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Defense contractor claims he was fired for reporting fraud

Defense contractor claims he was fired for reporting fraud
A former manager for one of the biggest US defense contractors says he was removed from his job after accusing his higher-ups of defrauding the government.

Cornelius Hosch, the one-time head of counter-IED intelligence for BAE Systems Information Solutions’ eastern Afghanistan office, sued his former employer in federal court on Tuesday.

Hosch, a US Army veteran with nearly 20 years of experience in the military, says his problems with BAE began after he alerted his supervisor to what he considered fraud in December 2011, just days after he started his employment with the company.

During his tenure with BAE, Hosch says the company overcharged the US government for services they were contracted to do.

"BAE was hiring certain personnel to complete logistical and administrative tasks but BAE was using these personnel to bill the government for more lucrative labor," he alleges in the complaint, discovered by Courthouse News.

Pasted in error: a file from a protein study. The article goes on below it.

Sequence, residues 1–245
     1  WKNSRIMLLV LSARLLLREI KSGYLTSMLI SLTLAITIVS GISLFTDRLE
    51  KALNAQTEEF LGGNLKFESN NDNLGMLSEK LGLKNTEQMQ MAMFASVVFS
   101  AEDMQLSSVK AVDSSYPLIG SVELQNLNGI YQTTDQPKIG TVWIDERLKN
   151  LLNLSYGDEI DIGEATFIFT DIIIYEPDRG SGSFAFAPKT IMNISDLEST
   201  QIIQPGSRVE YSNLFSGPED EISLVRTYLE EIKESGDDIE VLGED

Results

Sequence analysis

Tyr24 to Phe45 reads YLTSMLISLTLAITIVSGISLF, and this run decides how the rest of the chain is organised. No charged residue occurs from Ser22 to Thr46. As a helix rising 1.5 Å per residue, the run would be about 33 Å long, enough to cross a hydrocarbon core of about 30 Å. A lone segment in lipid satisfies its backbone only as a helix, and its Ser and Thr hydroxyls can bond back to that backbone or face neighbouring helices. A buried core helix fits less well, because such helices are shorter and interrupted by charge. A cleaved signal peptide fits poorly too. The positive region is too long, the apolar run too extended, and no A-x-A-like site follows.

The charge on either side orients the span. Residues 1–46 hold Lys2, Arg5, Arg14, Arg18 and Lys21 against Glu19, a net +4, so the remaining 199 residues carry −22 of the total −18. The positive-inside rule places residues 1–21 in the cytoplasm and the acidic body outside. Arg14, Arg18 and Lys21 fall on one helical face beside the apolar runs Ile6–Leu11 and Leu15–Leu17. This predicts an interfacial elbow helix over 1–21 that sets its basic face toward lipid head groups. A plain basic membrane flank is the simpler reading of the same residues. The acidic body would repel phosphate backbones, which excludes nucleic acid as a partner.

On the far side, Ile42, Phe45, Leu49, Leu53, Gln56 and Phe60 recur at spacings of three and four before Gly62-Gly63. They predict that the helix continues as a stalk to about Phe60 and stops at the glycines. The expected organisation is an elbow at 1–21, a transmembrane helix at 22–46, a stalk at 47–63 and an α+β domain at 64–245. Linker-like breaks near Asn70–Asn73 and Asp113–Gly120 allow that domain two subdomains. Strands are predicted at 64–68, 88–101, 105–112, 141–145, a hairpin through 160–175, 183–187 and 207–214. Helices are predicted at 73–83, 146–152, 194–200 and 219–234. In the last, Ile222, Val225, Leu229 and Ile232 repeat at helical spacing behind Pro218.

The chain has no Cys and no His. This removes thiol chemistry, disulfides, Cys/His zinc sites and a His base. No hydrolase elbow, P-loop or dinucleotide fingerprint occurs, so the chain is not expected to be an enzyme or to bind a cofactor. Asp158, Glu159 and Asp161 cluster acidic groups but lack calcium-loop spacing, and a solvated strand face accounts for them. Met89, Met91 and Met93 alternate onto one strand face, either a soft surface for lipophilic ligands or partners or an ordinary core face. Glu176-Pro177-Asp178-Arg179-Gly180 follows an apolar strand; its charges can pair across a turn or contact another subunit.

“By falsely and purposefully miscategorizing the work performed, BAE charged the government for more work than was actually performed or which was contractually permitted,” he claims.

After voicing his concerns with his supervisor, Hosch says he was harassed by higher-ups within the company. He claims to have spoken up against in February 2012, and was warned against voicing his concerns again.

"'You better not talk to me again about labor category fraud and time card fraud because I am using guys at my HQ to do my admin and help Mr. Tutt with ghostwriting of FRAGO's,” Hosch claims his former supervisor, Dan Weber, told him. Courthouse News suggests that “FRAGO” is shorthand defense-speak for "fragmentary orders."

"Weber also threatened Hosch by saying that if he 'kept it up' then he would 'end up like Tony,' an employee whose contract was not extended after the first year because Tony would 'question things' that did not 'look or sound right,'" the complaint continues.

Hosch says he reported Weber's behavior and the allegations of fraud to his employer’s ethics department, and was removed from his job shortly after. He says BAE retaliated against him in violation of the False Claims Act and is seeking compensatory damages and special damages for mental and emotional distress and harm to his reputation.